Some minutes feel like they last an hour. If you’ve ever sat next to a crying baby on a long flight, you know this feeling.
Some hours feel like they last just a minute. The time you spend with someone you love in their last hours often feels this way.
Time is perception, which is based on our emotion. We feel time fly or time drag based on what we are doing. How we measure time, therefore, is relative to our emotional experience in the moment.
How We Measure a Life
In our culture, the incessant drive toward productivity and getting things done traps us in two false beliefs about time: we believe that all time is chronos time, and that all units of time are equal.
You’ve likely heard people say “everyone gets the same 24 hours in a day.”
Technically, it’s true that each of us gets 24 hours in a day. What’s not true is that those 24 hours are “the same.” Not all hours are equal.
The quality of your life is not measured in chronological time, but in moments and milestones. It’s measured by your growth and by the evolution of your soul.
What if You’re Not Behind?
Do you ever think, “I feel like I’m behind my day.” Or “I feel like I’m behind where I should be”?
How do you know when you’re behind? You only believe you’re behind because you are looking at others. But where other people are isn’t the marker for where you should be. Each of us has our own path.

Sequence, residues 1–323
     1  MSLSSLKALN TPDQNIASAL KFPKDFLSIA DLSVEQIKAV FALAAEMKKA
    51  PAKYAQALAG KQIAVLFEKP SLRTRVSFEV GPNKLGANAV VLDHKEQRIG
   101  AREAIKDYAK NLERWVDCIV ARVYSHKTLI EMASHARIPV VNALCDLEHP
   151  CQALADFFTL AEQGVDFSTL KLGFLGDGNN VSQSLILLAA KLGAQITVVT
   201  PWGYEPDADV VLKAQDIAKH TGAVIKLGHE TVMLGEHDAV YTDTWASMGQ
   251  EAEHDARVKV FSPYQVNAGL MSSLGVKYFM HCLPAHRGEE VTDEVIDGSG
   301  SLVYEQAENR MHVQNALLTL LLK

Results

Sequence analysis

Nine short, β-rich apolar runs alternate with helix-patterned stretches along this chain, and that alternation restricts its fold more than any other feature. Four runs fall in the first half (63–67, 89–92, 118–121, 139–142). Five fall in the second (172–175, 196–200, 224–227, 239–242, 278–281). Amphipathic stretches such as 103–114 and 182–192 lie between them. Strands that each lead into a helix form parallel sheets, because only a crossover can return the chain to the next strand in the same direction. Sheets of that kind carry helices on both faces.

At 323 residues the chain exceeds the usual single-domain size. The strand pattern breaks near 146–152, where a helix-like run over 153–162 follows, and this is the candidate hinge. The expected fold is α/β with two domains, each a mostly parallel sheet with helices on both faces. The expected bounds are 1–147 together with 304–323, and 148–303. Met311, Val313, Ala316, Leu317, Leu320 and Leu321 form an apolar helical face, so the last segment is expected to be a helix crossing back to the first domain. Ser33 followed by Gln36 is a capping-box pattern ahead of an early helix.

The Jews were not just wandering the desert for seven weeks, waiting for God to tell them they were ready. They were doing their inner work of refining their souls and preparing themselves to be ready.
And so it is with us as well. You may feel like you are drifting in the desert, wandering off the path. But the desert is the path. Perhaps what you perceive as wandering is simply the way you are living the experiences that refine your soul.
The Bridge Between Chronological and Human Time
The cycles of seven and the concept of relative time create a new framework within which we can understand time.
What we learn from the cycles of seven is that chronological time — days, weeks, months, years — has a rhythm. All days are not created equal. All months are not created equal. The years are not all equal.
Some are for action and some are for rest.
This rhythm of sevens is marked in milestones and moments. Every seven days, seven months, and seven years, we slow down to step back and appreciate our efforts. The days, months, and years of rest offer us an opportunity to see how far we’ve come, to check in with where we are going, and to align to the path.
Looking at Shavuot through this lens, we can understand that time is neither chronological nor human. It’s always both. This is how we get relative time.
We mark the milestones and moments of human time relative to chronological time.
The way we do this is by following the rhythm of the cycles of time. Pausing at the sevens — seventh day, seventh week, seventh month, seventh year — to reflect on where we have been and where we are going — keeps us on our path.
The teaching of Shavuot is that although we think we are counting in chronological time, or linear time, we are really counting in human time. You cannot measure your personal timeline in months or years. You can measure it only in milestones and moments. But we can only see these milestones and moments within the context of chronological time.